Secondly, most of our own supporters understand the what limited prosperity we do have, and indeed the viability of our jewel in the crown achievement, the NHS, actually depends on the European single market including the free movement not just of capital but of labour. What are they meant to think if we abandon that ground?
Thirdly, not unimportantly, we actually agree with most of our supporters on that. Even if it was possible to rein back on European integration and immigration (and truthfully, without outright withdrawal it is difficult to see how that could be done) do we actually think that would be a good thing? If we don't and are just saying it to get elected one can't help feeling we would only be swapping one problem for another. Anyway, political parties are expected to stand for something and those who are perceived to stand for nothing seldom prosper. Ask the Lib Dems.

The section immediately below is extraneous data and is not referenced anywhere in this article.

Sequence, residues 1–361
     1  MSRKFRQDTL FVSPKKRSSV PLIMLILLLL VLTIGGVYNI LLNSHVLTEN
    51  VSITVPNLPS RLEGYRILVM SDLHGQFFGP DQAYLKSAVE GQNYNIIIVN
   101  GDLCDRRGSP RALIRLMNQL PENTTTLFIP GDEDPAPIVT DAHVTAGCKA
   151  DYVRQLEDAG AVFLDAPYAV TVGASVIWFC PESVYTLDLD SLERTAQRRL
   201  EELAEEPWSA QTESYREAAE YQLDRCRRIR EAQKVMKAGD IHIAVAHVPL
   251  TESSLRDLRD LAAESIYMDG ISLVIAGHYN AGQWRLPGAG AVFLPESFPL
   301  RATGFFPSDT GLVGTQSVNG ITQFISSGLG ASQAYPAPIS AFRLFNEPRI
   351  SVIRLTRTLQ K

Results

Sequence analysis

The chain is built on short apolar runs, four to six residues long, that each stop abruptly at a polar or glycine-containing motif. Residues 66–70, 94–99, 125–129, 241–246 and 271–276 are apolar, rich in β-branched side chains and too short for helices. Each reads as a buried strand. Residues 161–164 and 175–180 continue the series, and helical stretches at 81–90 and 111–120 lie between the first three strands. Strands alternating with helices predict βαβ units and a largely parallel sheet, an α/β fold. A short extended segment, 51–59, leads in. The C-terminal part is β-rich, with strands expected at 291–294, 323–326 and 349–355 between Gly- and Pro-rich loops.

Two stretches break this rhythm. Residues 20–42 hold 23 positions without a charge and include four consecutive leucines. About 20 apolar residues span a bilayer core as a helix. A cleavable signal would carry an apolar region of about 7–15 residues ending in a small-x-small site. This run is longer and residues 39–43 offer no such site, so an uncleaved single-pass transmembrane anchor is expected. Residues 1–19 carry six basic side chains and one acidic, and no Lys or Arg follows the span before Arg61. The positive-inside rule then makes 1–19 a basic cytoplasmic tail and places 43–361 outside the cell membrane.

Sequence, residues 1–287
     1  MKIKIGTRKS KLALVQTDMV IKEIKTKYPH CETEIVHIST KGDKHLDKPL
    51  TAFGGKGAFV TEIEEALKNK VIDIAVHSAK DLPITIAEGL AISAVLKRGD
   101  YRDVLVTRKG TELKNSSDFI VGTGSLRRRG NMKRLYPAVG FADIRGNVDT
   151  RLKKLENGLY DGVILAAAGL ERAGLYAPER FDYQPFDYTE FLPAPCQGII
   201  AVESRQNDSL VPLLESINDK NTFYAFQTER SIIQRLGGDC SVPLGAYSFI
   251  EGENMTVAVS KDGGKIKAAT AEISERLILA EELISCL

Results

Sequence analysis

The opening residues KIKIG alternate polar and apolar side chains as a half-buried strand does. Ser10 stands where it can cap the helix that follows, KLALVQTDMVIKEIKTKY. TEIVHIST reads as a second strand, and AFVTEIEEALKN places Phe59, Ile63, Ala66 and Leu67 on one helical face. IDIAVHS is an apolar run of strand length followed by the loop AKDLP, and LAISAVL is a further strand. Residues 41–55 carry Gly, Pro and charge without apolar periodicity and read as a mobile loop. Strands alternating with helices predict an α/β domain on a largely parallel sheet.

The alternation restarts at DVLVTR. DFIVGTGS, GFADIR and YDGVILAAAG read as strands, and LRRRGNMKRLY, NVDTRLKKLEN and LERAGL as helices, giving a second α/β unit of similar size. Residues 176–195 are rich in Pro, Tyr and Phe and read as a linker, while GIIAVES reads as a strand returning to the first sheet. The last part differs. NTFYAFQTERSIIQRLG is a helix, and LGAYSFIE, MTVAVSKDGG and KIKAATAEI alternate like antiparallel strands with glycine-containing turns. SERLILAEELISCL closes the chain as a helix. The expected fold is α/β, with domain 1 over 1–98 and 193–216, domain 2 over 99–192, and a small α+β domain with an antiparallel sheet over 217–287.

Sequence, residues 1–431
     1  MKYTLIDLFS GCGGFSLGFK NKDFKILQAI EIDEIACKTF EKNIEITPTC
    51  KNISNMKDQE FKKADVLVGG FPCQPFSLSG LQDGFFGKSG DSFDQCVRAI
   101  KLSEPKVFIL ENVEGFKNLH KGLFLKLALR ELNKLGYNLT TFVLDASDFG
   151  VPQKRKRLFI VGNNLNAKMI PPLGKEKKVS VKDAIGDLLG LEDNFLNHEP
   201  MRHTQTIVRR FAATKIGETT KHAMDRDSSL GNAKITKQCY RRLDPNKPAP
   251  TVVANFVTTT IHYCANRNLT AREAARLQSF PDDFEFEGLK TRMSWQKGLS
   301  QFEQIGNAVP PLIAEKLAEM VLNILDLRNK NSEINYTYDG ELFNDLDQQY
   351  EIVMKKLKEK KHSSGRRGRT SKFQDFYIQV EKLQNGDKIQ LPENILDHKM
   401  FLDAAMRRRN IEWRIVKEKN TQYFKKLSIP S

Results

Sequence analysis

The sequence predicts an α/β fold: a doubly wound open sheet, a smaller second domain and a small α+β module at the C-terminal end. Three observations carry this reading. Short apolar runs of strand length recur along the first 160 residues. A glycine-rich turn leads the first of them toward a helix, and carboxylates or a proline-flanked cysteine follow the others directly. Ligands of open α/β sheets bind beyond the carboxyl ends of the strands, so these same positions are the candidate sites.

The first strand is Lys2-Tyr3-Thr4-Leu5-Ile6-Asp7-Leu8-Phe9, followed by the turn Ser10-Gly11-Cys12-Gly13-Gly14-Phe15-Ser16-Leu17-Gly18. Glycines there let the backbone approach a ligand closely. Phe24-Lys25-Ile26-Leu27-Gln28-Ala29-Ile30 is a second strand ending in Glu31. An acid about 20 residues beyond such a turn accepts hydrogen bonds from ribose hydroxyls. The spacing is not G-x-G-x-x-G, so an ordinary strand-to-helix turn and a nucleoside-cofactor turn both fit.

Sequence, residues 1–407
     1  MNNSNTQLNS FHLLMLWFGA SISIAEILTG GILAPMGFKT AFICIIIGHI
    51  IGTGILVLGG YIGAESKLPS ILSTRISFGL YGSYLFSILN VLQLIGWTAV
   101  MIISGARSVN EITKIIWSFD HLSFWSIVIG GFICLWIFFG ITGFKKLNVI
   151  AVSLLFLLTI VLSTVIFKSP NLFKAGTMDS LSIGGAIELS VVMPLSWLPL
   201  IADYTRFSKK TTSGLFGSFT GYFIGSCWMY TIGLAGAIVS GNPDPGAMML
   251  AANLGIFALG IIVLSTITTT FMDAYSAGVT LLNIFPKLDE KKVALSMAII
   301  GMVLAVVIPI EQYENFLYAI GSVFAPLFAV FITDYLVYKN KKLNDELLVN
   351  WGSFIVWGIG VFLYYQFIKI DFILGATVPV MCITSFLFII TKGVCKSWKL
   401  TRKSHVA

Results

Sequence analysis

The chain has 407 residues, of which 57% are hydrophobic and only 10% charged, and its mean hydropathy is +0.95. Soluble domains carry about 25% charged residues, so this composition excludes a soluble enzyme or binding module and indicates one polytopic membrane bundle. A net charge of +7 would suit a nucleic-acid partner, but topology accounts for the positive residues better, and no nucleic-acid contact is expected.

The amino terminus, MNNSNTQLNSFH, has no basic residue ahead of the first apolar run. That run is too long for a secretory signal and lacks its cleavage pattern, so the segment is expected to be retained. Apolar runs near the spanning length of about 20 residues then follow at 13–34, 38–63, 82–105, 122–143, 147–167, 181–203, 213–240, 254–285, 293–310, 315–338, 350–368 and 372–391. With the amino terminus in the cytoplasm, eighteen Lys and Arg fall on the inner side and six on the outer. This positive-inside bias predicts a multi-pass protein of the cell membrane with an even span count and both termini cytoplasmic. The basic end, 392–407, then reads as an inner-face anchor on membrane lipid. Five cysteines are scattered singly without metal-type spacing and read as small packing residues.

But finally, most importantly of all, none of this gives anybody a positive reason to vote Labour and, as I say, that is the real reason our traditional base is unenthused. Farage is not the illness, he is just one of the symptoms.
And that brings me back to 1997. It is not to dismiss the very real achievements of that Labour Government to recall how nervous we were then as well at being perceived as weak on the management of the economy. And how limited our policy offer was in consequence on traditional tax and spend. I readily confess too weak for my taste at the time.
But we offered something else in 1997. We offered empathy and we offered hope. And having secured the empathy we could survive that the hope, at least initially, was not of much more than a change of tone.
That's where things are going wrong at the moment. We appear to have no empathy with our own supporters. To be a metropolitan elite much more interested in what a Labour Government would bring to us than in what it would mean to them. That's why "hang on six months for a Labour Government" proved not a silver but a chocolate bullet when fired in the referendum campaign.
Without empathy there cannot be hope. And without hope.....
And it is that which needs addressed. Not the British (or Scottish) isolationist symptom but the Labour illness.
Time for radical treatment.